A new idea in the works at the planetarium is visualizing science-related facts on the dome. These little movies would last only a few seconds – long enough to narrate or write out something like “Humans not only have unique fingerprints – they have unique tongue prints as well.” Then perhaps a person standing behind glass is filmed as they plaster their tongue print on the glass; to the audience it would appear as though this giant tongue were being laid on the dome. Not the most glamorous of examples, but you get the idea that these facts are just supposed to make you go, “hmm.” or maybe even “Iii-nteresting.” (plus it’s been done in Earth, Moon & Sun! Though dinosaur tongue prints are probably negligible seeing as they are unavailable for filming.)
So far the facts that would work well on a dome have these properties:
- portrayal of “actual size.” For example the tentacles of the giant Arctic jellyfish reach up to 120 ft. in length – the lengh of that tentacle could wrap around our dome two times. Imagine sitting in the black of the dome, the muted bubbling of water as something swims around and around – and then you’re caught in the huge arms of a ginormous jellyfish. The sense of scale might be a hard sell, but I think it could be really neat.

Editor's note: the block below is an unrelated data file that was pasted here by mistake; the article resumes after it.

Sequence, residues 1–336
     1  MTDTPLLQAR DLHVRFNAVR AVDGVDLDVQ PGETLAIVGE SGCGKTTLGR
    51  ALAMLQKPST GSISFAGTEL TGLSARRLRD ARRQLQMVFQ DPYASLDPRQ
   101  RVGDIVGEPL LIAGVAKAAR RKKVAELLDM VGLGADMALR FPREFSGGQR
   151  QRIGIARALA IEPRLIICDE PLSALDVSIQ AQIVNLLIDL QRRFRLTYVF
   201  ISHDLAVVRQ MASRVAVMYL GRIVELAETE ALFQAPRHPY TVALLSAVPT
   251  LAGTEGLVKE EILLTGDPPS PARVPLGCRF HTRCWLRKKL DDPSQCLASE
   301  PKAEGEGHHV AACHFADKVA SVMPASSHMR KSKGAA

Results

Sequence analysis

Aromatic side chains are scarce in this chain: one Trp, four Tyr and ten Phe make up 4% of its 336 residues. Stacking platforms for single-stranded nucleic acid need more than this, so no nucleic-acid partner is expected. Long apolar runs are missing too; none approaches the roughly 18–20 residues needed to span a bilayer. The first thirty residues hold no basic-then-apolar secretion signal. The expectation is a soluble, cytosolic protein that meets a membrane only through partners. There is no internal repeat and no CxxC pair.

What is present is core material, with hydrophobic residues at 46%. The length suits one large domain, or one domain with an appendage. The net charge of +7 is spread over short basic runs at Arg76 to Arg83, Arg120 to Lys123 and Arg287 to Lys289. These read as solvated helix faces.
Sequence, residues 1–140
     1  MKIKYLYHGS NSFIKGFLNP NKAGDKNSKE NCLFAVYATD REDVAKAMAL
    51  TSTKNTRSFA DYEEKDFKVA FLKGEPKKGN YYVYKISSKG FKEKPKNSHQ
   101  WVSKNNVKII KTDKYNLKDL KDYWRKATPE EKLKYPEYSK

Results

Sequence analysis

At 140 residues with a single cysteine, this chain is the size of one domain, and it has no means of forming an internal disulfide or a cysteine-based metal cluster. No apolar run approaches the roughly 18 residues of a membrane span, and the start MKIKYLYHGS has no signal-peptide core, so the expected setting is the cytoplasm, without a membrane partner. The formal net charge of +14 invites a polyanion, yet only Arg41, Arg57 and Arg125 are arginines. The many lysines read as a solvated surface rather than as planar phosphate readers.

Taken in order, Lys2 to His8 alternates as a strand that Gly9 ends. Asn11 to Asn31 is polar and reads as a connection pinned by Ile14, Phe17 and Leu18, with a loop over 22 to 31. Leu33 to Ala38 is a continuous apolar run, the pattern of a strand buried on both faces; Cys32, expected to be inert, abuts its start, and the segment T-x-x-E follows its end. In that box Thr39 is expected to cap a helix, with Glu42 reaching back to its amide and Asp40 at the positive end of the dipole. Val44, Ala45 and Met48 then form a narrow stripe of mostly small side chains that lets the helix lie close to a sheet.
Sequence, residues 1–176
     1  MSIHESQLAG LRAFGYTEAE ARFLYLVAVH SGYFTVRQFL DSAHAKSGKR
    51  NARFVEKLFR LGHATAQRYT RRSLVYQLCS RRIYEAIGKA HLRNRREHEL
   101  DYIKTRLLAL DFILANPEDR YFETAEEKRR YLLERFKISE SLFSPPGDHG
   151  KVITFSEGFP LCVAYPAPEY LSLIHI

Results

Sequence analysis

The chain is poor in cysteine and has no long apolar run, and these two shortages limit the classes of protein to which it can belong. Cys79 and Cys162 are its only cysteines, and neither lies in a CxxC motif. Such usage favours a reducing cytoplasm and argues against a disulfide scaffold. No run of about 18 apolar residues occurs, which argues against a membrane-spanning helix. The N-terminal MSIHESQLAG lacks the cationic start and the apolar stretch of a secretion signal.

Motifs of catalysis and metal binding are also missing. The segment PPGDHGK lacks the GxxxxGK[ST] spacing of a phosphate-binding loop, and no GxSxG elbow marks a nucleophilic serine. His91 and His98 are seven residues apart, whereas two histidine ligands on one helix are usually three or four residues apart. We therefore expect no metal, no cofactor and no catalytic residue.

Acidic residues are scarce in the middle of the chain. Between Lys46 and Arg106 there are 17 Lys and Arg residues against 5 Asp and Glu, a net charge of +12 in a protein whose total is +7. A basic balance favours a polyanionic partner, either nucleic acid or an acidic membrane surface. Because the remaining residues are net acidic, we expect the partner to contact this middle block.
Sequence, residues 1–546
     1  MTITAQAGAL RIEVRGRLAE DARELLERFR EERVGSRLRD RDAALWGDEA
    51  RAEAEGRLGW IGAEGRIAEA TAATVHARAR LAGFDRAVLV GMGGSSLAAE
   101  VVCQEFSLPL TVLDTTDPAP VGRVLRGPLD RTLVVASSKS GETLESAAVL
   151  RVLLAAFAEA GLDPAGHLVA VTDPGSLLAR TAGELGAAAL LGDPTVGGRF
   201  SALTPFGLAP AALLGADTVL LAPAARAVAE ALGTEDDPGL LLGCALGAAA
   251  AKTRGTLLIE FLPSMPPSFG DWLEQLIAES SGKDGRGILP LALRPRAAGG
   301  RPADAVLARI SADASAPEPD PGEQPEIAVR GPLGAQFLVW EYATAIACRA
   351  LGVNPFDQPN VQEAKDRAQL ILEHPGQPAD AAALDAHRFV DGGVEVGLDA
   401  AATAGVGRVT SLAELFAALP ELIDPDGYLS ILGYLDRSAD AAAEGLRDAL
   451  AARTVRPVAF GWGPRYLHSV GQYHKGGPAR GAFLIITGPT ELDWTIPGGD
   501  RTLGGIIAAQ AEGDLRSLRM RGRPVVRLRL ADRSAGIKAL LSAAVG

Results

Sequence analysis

- speed. Any fact dealing with speed caught my eye. Did you know the pileated woodpecker can strike a tree with the impact of 1200 g? A human could comparatively strike a tree at 16 mph. Perhaps too greusome to show.
- inside the body. What makes you sneeze? why do you get dizzy? what causes hiccups? All of these questions are interesting and they all lend themselves to taking the audience inside the body.
And generally cool or gross things caught my eye. Like the fact that killer whales can destroy sharks by ramming into them with their snouts. The force is so hard the shark explodes. Of course, my research at this point is still in the brainstorming stages, so none of these facts have been completely substantiated – for those who would wait for sharks to explode. Because 43.8% of all statistics are made up on the spot.